Historic temperaments have been making a return to vogue in the piano tuning and performing professions in recent years. This return to favor is due in no small part to the extensive research and assimilation of information by individuals like Owen Jorgenson, RPT, Bradley Lehman, Jason Kanter and others. Because of this growing interest in the variety of Historical Tunings available it only makes sense to offer these tunings as part of a normal service routine.
What is an Historic Temperament?
Perhaps it is simpler to start by briefly discussing the commonly accepted practice of today – Equal Temperament. There are dozens and dozens of ways to tune keyboard instruments, and the most common way is to tune to Equal Temperament. If you do not request otherwise, most piano technicians will tune your piano to Equal Temperament. In Equal Temperament, all the notes on the piano are equally spaced from each other in terms of pitch. One of the chief advantages of Equal Temperament is that it allows you play pieces with widely differing key signatures equally well – F Sharp Minor sounds as good as C major in equal temperament. This advantage is also Equal Temperaments chief deficiency.
Why tune pianos with Historic Temperaments?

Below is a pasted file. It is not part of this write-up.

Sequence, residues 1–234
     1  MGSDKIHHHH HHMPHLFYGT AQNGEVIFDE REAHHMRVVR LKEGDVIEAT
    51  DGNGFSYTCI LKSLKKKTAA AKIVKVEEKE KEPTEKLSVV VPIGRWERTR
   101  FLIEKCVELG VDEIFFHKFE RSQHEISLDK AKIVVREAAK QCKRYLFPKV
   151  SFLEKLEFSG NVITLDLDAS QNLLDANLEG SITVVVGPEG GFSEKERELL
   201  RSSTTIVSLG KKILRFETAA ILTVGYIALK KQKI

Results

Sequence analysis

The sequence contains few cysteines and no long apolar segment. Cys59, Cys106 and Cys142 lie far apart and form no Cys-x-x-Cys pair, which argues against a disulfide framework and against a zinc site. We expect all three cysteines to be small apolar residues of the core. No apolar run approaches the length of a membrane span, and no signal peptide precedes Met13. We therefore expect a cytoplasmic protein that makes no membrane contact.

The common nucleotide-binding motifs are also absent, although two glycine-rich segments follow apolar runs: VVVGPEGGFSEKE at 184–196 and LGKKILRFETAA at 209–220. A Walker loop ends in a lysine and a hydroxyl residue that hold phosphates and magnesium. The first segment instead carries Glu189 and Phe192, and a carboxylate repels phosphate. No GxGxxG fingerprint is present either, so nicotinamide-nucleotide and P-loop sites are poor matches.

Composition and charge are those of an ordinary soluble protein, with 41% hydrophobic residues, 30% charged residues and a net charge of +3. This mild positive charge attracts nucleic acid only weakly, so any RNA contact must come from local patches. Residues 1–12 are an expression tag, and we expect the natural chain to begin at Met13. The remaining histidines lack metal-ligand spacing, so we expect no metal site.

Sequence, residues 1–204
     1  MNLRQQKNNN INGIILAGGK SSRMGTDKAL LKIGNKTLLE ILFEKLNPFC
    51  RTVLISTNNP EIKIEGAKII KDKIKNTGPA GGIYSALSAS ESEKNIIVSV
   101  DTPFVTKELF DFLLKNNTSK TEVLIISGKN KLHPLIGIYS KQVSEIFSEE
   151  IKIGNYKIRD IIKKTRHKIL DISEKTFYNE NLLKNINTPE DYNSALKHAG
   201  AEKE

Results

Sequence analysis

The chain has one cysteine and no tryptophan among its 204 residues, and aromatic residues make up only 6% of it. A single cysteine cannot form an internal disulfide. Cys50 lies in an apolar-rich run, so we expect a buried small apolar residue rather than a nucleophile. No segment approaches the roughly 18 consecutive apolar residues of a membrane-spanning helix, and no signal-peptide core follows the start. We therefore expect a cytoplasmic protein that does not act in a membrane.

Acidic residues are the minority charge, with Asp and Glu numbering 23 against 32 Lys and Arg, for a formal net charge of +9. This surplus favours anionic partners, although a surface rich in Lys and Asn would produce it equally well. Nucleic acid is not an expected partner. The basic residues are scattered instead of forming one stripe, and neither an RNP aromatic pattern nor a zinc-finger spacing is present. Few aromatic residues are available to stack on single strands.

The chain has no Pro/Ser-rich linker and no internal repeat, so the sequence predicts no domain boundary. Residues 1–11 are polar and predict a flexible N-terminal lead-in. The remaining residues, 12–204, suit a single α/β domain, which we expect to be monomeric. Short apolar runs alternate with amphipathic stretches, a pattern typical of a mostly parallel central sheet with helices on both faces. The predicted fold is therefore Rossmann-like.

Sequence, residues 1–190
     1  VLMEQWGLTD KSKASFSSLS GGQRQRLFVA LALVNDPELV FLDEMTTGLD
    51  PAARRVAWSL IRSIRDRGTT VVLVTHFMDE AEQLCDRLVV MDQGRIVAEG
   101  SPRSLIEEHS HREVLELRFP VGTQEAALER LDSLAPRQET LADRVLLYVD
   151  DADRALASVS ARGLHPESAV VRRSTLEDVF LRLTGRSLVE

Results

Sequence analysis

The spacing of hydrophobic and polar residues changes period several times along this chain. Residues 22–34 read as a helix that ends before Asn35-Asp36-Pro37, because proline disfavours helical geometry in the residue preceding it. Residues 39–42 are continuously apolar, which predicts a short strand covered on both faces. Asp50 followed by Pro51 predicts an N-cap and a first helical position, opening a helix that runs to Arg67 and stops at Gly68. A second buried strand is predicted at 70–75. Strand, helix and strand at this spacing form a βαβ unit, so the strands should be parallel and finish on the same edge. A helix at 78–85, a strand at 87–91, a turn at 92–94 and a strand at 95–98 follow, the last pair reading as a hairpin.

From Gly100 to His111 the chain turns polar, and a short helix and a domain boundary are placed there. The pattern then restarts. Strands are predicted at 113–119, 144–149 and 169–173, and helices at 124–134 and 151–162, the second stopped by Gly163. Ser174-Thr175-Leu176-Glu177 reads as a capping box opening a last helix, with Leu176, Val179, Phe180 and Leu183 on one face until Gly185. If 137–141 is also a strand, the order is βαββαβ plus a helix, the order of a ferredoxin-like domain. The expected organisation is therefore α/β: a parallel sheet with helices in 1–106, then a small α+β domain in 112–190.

In a phrase, “key-color.” Historic (or, unequal) Temperaments make use of varying the spacing of the notes on the keyboard which then gives different key signatures a different musical feeling, or, color. This kind of altered spacing can make a notable difference, particularly in pieces where the composer makes significant changes of key signature from movement to movement, or within a particular movement or piece.
Of course, this addition of key color comes at a cost. Historic Temperaments have limitations in the form of “Wolf” intervals – intervals that become too noisy to be usable. So the selection of a particular temperament must consider the music most likely to be played on the instrument. Historic Temperaments can be broken down into a few sub-categories, listed from most “aggressive” to least, those categories are: meantone, modified meantone, well, victorian well, quasi-equal, or equal. By selecting appropriately from one of these categories, one can maximize their satisfaction in their chosen tuning.
Q. What if I don’t like a particular temperament?
A. In most home settings, it is not difficult to change from one temperament to another, so should you decide you don’t care for a particular tuning, it can easily be changed to a different one at your next tuning appointment.
Q. I still want my piano tuned to standard pitch, though, can you do that?
A. Tuning an Historic Temperament does not imply that we are no longer tuning to the international pitch standard of A=440Hz, so the pitch of your piano will still be where it is expected to be.
Q. I often play with other instruments or with a singer, won’t an Historic Tuning make that difficult?
A. Quite simply, No. Tuning Historically does not preclude playing with other instruments or voice in any way.
If you have interest in trying out an Historic Tuning, please contact me for more information or to schedule an appointment. The decision to choose an Historic Tuning can even be made at the moment we commence the tuning process, so don’t be bashful about inquiring at the time of your visit.